12. Speevak MD, McGowan-Jordan J, Chun K. The detection of chromosome anomalies by QF-PCR and residual risks as compared to G-banded analysis. Prenat Diagn 2011;31:454–8. Search in Google Scholar

13. Papoulidis I, Siomou E, Sotiriadis A, Efstathiou G, Psara A, Sevastopoulpu E, et al. Dual testing with QF-PCR and karyotype analysis for prenatal diagnosis of chromosomal abnormalities. Evaluation of 13,500 cases with consideration of using QF-PCR as a stand-alone test according to referral indications. Prenat Diagn 2012;32:680–5. Search in Google Scholar

14. Hulten MA, Dhanjal S, Pertl B. Rapid and simple prenatal diagnosis of common chromosome disorders: advantages and disadvantages of the molecular methods FISH and QF-PCR. Reproduction 2003;126:279–97. Search in Google Scholar

15. Caine A, Maltby AE, Parkin CA, Waters JJ, Crolla JA. Prenatal detection of Down’s syndrome by rapid aneuploidy testing for chromosomes 13, 18, and 21 by FISH or PCR without a full karyotype: a cytogenetic risk assessment. Lancet 2005;366:123–8. Search in Google Scholar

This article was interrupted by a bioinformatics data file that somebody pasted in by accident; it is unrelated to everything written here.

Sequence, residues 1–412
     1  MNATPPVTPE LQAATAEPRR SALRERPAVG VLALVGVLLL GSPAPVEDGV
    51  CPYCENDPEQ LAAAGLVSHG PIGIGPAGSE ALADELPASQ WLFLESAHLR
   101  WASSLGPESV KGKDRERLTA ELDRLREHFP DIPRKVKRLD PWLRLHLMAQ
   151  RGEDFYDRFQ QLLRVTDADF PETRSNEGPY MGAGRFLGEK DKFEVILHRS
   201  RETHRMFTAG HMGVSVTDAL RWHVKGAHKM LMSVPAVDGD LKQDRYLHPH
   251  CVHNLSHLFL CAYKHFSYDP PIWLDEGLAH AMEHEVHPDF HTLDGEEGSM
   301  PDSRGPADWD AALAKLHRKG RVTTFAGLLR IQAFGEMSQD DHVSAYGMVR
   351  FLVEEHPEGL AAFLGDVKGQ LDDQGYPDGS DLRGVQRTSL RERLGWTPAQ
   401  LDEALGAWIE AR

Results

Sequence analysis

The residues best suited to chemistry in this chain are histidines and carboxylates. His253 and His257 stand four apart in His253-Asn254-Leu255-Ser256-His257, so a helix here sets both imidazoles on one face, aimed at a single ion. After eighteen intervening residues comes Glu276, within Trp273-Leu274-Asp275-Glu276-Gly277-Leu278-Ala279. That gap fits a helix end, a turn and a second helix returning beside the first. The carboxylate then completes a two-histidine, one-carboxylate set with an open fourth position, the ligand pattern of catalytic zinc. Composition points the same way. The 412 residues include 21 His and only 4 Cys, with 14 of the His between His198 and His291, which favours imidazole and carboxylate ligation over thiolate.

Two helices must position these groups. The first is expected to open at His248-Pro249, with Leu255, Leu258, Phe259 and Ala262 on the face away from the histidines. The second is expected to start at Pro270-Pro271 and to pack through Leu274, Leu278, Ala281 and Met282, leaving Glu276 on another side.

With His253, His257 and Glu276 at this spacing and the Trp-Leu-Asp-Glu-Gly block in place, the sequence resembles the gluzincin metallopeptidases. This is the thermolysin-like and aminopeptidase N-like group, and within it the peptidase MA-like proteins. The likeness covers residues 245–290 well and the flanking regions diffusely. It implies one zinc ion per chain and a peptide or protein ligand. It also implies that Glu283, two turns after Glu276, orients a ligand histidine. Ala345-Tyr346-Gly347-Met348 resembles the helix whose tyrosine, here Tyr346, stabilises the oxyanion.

16. Donaghue C, Mann K, Docherty Z, Ogilvie CM. Detection of mosaicism for primary trisomies in prenatal samples by QF-PCR and karyotype analysis. Prenat Diagn 2005;25:65–72. Search in Google Scholar

17. Kagan KO, Chitty LS, Cicero S, Eleftheriades M, Nicolaides KH. Ultrasound findings before amniocentesis in selecting the method of analysing the sample. Prenat Diagn 2007;27:34–9. Search in Google Scholar

18. Putzova M, Soldatova I, Pecnova L, Dvorakova L, Jencikova N, Goetz P, et al. QF-PCR-based prenatal detection of common aneuploidies in the Czech population: five years of experience. Eur J Med Genet 2008;51:209–18. Search in Google Scholar